Sports Franchise Is Making Youth Sports Fun Again

Brian Sanders started i9 Sports as a mellower alternative to the competitive nature of youth sports.

By Jason Daley

Opinions expressed by Entrepreneur contributors are their own.

There was a time when youth sports were synonymous with kids picking dandelions in the outfield and Bad News Bears-style bumbling. Today it's often about parents socking each other in the bleachers and steely-eyed athletes stretching their young bodies to the limit in their determination to win. Athletics, instead of being a way to let off steam, socialize and build confidence, have become one more competitive stress.

Frank Fiume saw those trends coming to a head back in the late 1990s. That's why he organized a flag-football league for kids in Tampa, Fla. While he thought it would be a fun side project, demand proved so high that he began running the league full time, and in 2002 he started franchising the concept as i9 Sports (named for the nine principles that guide the leagues). Now the company's 120 franchises offer flag-football, soccer, cheerleading, basketball and baseball programs in 27 states, and have served 130,000 kids between the ages of 3 and 14.

We chased down i9 president and COO Brian Sanders to find out about this mellower form of competition.

Why have youth sports become so cutthroat?
There's a tremendous amount of politics in youth sports and a huge amount of drama between coaches and parents. From that drama comes this high pressure for kids to succeed. Just seeing how the level of competitiveness has increased in the last 10 years is amazing. It's economically driven--parents have this myth that success in sports is going to be this golden ticket to a lucrative job. But according to NCAA statistics, only a fraction of a percent [of high-school athletes go pro], and very few earn scholarships.

We say, let the kids have a good time, develop physically and be part of a team. Don't make it about the score, or whether Johnny is the quarterback, or Linda made five baskets.

How do you rein in negative competitiveness?
We try really hard to make sure everyone gets equal playing time, and we aspire to rotate kids through all positions. Everyone gets a chance to be quarterback, to pass the ball and have the ball handed over. We make no bones about the fact that we're recreational. Is it the best way to develop the skills to become QB of the Patriots? Probably not. What we do is build self-esteem and have kids say, "Hey, I never thought I'd get a chance to play that position!"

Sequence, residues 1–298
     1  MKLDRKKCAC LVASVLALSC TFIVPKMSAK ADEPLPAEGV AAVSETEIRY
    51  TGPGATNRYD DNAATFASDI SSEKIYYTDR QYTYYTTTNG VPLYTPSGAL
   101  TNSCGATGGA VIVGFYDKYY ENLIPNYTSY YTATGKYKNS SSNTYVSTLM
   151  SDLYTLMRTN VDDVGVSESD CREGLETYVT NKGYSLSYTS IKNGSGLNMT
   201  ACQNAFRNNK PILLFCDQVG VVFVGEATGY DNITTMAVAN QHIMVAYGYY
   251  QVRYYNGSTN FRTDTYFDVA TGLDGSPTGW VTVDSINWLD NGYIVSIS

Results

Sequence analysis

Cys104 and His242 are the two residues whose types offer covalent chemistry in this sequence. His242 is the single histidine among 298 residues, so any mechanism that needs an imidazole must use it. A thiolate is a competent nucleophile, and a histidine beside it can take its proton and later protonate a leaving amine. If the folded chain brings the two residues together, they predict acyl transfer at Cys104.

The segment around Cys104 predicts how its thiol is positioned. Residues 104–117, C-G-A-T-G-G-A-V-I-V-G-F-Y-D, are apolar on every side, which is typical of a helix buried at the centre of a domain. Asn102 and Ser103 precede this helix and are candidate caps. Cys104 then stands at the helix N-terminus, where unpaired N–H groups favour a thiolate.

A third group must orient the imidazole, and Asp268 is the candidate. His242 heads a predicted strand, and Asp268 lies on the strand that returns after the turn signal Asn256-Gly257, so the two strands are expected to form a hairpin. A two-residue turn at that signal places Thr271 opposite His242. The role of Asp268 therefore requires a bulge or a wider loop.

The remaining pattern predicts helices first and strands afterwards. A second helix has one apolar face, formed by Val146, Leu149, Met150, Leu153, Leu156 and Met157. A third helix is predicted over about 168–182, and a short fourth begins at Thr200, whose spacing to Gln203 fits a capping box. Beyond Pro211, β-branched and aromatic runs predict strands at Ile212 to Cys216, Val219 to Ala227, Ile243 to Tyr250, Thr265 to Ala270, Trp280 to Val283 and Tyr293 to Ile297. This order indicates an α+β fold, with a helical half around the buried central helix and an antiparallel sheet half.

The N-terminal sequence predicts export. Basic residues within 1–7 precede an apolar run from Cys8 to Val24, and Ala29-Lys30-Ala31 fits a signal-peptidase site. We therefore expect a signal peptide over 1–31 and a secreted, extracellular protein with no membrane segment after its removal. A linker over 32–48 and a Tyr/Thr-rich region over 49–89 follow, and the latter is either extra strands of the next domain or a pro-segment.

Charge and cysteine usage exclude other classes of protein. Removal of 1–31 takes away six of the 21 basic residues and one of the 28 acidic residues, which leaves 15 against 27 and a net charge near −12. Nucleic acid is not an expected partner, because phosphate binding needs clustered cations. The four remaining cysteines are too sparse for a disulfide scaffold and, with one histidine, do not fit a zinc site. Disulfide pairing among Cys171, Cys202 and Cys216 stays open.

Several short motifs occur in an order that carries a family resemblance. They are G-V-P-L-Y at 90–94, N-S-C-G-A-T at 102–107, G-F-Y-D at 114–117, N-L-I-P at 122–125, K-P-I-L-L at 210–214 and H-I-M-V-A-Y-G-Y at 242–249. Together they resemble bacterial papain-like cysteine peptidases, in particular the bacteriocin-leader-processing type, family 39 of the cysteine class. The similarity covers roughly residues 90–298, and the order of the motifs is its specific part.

How do you avoid drama with parents?
We make a point of indoctrinating parents and coaches on what we're all about. There's a parental pledge that says, "I as a parent respect that the No. 1 reason kids play sports is to have fun, and I will display the same behavior." That has changed the culture on the sidelines immensely. It's a whole different feeling, and we don't get the nastiness that pervades youth sports. We do believe in healthy competition, but if they want their child to get the killer instinct and always play quarterback, then our league's not right for them.

How do you address concerns about injuries?
We try to gather as much information and data as available. Two years ago research showed an alarming increase in the rate of concussions in youth sports, and we took that to heart. We started a big concussion-awareness campaign, teaching coaches and parents the signs of concussion. We were also the first national youth sports organization to institute a "no heading" rule in our soccer leagues.

What else differentiates i9?
We're a real convenience for parents. Most families don't have time for three or four practices per week. Our model is very simple: We have a practice and a game on the same day. The family goes out and has a great time one night a week, and that's that. We also serve the parents with online and mobile sites. They get everything they need--schedules, rainout notices, billing--at their fingertips.

How do sports and business mix?
No other national competitor is doing this as a business. The programs we offer have turned a staid industry on its head by injecting fun into the mix. We're businesspeople making profit with a purpose--we want to do something meaningful for kids.

Jason Daley

Jason Daley lives and writes in Madison, Wisconsin. His work regularly appears in Popular Science, Outside and other magazines.

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